by Lisa Chamoff
, Contributing Reporter | October 29, 2018
From the October 2018 issue of HealthCare Business News magazine
In cancer treatment, time is of the essence. For the best outcomes, precision is also a key component.
Whether it be proton therapy or conventional radiation oncology, those goals are at the heart of the new treatment systems and oncology software entering the market.
The rise of proton therapy
Proton therapy has had a slow adoption due to the high price tag, but as evidence accrues for its benefits and insurers begin to take notice, access is coming within reach for more of the patients who stand to benefit most from it.
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The company has been moving ahead with installations of its Hitachi Proton Beam system since receiving FDA clearance in 2008.
The system is equipped with a compact synchrotron accelerator, which the company says allows for beam delivery at selected energy levels, with significantly less neutron generation, and is used by facilities including the MD Anderson Cancer Center and Mayo Clinic sites in Minnesota and Arizona.
The company is currently working on an installation at Sibley Memorial Hospital, a member of Johns Hopkins Medicine, in Washington, D.C., and hopes to start treating sometime in late 2019, said Sash Matsumoto, general manager at Hitachi America.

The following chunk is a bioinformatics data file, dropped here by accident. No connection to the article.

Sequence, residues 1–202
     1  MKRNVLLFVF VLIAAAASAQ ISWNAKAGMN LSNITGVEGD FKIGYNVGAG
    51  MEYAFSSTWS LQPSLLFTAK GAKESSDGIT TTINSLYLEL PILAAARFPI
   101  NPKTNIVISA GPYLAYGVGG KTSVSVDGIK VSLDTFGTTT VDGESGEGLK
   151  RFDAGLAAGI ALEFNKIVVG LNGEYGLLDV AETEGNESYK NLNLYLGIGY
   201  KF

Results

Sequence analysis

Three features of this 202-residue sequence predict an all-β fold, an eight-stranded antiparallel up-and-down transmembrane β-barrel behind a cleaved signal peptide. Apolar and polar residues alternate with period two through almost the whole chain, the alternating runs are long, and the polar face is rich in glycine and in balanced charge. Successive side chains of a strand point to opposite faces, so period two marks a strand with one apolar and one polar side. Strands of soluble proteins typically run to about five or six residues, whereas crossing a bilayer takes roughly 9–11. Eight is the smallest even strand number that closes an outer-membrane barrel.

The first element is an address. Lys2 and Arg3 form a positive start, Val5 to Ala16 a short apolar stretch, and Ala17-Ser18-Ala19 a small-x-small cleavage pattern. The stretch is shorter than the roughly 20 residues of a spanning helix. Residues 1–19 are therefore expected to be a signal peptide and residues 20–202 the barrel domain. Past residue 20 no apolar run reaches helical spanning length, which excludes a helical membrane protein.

The company also announced late last year that it will install a system at Clinica Universidad de Navarra (CUN) in Madrid, Spain.
Matsumoto noted that the lead time for constructing proton therapy facilities is getting shorter and the overall cost is coming down, though facilities are mainly focusing on one- or two-room centers instead of multiple rooms because of the investment.
“Not every hospital can afford a multi-room proton system,” Matsumoto said. “I think every vendor is doing everything we can to lower the cost and, hopefully, it will allow more hospitals to have the technology. With more clinical trials providing evidence, it’s become more and more clear that for certain tumors proton is the best treatment and it’s something that every patient deserves to have access to.”
Since the company’s ProteusPLUS treated its first patient in 2001 and its smaller ProteusONE was first used in 2014, IBA has been rapidly deploying its technology. In the last six months, IBA completed four installations of the ProteusONE – which has pencil beam scanning and cone beam CT – around the world.
The company’s goal is to make the system such that it could be used for a wide variety of indications, with the ability to treat complex tumors, including moving ones, using respiratory gating systems and better imaging, said Nicolas Denef, IBA’s product management director.